THE RIVIERA OF THE SEVEN CASTLES AND TRAU
THERE is no more smiling scenery in all Dalmatia, than that along the shores of the Riviera dei Castelli, which lies between Salona and Trau, and it is not strange that in the Middle Ages, the vineyards and olive groves of this fruitful land, excited the cupidity of the then all-conquering Turk, and made the fortified castles, which have given their name to this part of the coast, necessary for its protection.
These feudal strongholds were originally thirteen in number, but only seven remain today; of which some date from the fourteenth others from the fifteenth century, when the land with certain feudal rights over the peasantry was given by the Venetian Senate to such nobles as were able to build and maintain a castle at their own cost. A few still belong to the old families, and one or two are used as Page 108summer residences by wealthy burghers of Spalato. A German writer of rather more than a generation ago, described the life in the castles as still retaining in his time many of its feudal features, and specially mentions the charming national dress worn by the women of these noble families ; I am afraid they have since succumbed to the fascinations of the fashions of Vienna, which prevail among the upper classes of Spalato and leave the picturesque costumes to the peasantry, who, in this part, thanks to the fertility of the soil, are exceedingly well-to-do: but as I was not fortunate enough to come into personal contact with any of the castle dwellers at home, I cannot speak with authority; it may be they revert to their national dress when the Spalato season is over, and cling to the old custom still within the old walls.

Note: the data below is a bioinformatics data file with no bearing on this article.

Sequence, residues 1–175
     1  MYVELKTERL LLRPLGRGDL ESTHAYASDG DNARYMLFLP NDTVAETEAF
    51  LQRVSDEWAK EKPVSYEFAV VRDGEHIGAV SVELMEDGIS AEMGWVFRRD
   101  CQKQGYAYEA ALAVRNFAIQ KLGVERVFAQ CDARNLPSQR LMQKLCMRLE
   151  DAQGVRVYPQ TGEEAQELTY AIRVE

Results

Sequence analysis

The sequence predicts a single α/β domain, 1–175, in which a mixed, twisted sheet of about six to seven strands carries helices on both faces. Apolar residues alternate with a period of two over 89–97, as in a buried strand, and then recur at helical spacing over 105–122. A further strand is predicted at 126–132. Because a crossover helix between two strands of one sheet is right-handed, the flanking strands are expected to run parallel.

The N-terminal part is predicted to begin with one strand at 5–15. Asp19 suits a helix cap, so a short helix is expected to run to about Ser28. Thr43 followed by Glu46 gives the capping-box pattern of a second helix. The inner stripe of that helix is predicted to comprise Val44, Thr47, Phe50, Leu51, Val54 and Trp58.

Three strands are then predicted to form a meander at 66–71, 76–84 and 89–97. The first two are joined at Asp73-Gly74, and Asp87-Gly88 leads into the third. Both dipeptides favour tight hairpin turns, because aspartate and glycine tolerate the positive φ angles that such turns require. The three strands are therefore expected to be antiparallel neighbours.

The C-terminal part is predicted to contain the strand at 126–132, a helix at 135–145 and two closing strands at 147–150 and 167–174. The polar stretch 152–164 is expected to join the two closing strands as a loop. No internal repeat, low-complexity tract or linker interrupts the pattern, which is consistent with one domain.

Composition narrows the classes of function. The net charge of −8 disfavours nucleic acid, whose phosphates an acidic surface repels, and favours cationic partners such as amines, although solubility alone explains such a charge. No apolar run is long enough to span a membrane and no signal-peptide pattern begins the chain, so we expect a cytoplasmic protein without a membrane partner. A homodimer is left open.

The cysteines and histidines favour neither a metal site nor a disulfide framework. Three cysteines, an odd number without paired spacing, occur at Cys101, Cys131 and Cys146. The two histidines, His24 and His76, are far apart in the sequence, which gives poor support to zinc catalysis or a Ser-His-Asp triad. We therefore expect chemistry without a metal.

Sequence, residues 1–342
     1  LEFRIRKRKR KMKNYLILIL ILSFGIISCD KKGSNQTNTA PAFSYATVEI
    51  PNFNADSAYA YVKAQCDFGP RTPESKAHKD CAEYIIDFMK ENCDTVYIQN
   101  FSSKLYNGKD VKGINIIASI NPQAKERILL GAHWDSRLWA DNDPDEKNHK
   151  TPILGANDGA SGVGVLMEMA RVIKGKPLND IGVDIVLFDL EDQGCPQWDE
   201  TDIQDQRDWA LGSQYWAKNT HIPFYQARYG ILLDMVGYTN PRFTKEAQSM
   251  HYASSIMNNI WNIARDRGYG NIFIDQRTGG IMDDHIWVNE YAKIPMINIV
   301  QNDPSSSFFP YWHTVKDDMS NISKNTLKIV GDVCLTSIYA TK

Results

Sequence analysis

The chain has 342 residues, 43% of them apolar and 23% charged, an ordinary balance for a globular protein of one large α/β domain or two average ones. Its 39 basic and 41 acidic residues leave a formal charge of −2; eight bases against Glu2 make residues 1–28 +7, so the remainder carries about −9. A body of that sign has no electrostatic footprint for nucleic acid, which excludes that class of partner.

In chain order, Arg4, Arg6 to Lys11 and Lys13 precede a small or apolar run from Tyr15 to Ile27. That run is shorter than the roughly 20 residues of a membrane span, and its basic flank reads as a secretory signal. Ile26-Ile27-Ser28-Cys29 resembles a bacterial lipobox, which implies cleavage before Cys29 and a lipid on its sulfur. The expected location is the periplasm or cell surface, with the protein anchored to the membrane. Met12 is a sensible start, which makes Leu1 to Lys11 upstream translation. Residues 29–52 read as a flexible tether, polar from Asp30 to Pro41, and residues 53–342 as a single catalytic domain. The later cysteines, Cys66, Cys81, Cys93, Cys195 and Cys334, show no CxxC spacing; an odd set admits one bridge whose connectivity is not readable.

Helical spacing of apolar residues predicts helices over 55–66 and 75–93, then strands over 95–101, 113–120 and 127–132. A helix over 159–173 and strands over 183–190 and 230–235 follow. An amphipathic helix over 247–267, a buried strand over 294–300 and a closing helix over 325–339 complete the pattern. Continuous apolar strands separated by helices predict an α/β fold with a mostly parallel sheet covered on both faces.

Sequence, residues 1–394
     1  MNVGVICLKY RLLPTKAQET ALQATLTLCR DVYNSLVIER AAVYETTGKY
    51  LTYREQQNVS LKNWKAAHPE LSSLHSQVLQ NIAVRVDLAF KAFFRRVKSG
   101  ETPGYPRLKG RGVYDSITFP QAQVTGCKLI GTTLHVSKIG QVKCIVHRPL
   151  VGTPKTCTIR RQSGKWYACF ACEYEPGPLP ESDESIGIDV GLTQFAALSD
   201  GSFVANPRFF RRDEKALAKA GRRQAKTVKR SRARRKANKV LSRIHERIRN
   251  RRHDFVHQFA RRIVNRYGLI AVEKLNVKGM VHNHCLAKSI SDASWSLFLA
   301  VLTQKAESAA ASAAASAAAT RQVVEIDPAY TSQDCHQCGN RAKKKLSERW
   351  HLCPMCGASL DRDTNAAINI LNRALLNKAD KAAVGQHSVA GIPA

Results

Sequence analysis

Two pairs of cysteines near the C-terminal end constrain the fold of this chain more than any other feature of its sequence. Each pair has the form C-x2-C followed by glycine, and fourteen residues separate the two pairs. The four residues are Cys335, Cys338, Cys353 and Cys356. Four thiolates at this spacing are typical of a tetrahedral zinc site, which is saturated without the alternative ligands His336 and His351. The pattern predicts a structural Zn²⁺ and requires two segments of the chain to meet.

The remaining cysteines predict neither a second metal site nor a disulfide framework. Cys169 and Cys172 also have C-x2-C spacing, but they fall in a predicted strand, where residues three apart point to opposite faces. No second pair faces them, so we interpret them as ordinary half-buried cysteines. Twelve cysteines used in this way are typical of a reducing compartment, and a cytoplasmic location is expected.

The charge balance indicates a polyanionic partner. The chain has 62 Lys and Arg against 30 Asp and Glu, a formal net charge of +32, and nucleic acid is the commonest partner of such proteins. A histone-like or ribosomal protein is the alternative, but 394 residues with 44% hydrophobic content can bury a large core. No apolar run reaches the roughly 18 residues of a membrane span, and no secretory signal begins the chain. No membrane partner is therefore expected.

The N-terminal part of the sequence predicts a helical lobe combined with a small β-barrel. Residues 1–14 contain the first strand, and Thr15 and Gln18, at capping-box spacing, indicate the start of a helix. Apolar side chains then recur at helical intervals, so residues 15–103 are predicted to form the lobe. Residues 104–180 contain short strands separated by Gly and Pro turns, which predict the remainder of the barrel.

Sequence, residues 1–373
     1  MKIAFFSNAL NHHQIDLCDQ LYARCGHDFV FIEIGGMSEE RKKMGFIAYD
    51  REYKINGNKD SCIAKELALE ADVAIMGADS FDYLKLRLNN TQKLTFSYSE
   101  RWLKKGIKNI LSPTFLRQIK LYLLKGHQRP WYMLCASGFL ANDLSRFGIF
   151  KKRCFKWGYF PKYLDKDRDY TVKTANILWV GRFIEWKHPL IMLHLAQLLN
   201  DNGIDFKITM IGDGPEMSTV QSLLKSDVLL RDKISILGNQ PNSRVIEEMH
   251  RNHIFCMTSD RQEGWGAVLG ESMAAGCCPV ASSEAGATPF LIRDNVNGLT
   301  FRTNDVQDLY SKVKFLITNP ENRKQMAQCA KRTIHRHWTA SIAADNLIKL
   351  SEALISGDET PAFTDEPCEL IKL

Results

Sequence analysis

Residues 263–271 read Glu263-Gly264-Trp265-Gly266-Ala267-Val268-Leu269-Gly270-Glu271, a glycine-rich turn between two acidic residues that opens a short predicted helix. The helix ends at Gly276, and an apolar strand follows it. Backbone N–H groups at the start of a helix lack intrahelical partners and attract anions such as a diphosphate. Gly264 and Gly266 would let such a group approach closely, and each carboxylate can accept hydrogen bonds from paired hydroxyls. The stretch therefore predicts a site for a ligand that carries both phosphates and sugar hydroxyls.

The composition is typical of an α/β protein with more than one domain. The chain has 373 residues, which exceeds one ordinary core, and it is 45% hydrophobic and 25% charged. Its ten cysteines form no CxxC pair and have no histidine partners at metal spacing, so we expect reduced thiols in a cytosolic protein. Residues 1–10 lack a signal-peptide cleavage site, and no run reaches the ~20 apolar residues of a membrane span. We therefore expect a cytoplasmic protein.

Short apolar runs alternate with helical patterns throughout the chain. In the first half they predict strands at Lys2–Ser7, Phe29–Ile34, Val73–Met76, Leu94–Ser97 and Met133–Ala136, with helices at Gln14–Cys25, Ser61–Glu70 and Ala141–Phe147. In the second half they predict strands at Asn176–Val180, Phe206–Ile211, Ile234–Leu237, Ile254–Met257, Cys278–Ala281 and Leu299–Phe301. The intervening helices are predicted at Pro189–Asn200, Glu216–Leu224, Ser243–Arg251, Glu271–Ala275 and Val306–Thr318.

Each castle forms the centre round which a pretty little village is grouped, usually smothered in foliage of peaches, figs, and pomegranate trees, which flourish here exceedingly. Early vegetables form one of the peasants' most profitable crops, for, thanks to the sheltering mountains, the Bora cannot touch the tender plants, and Page 109roses blossom in the gardens, and purple crocuses star the green grass under the fruit trees, all the winter through.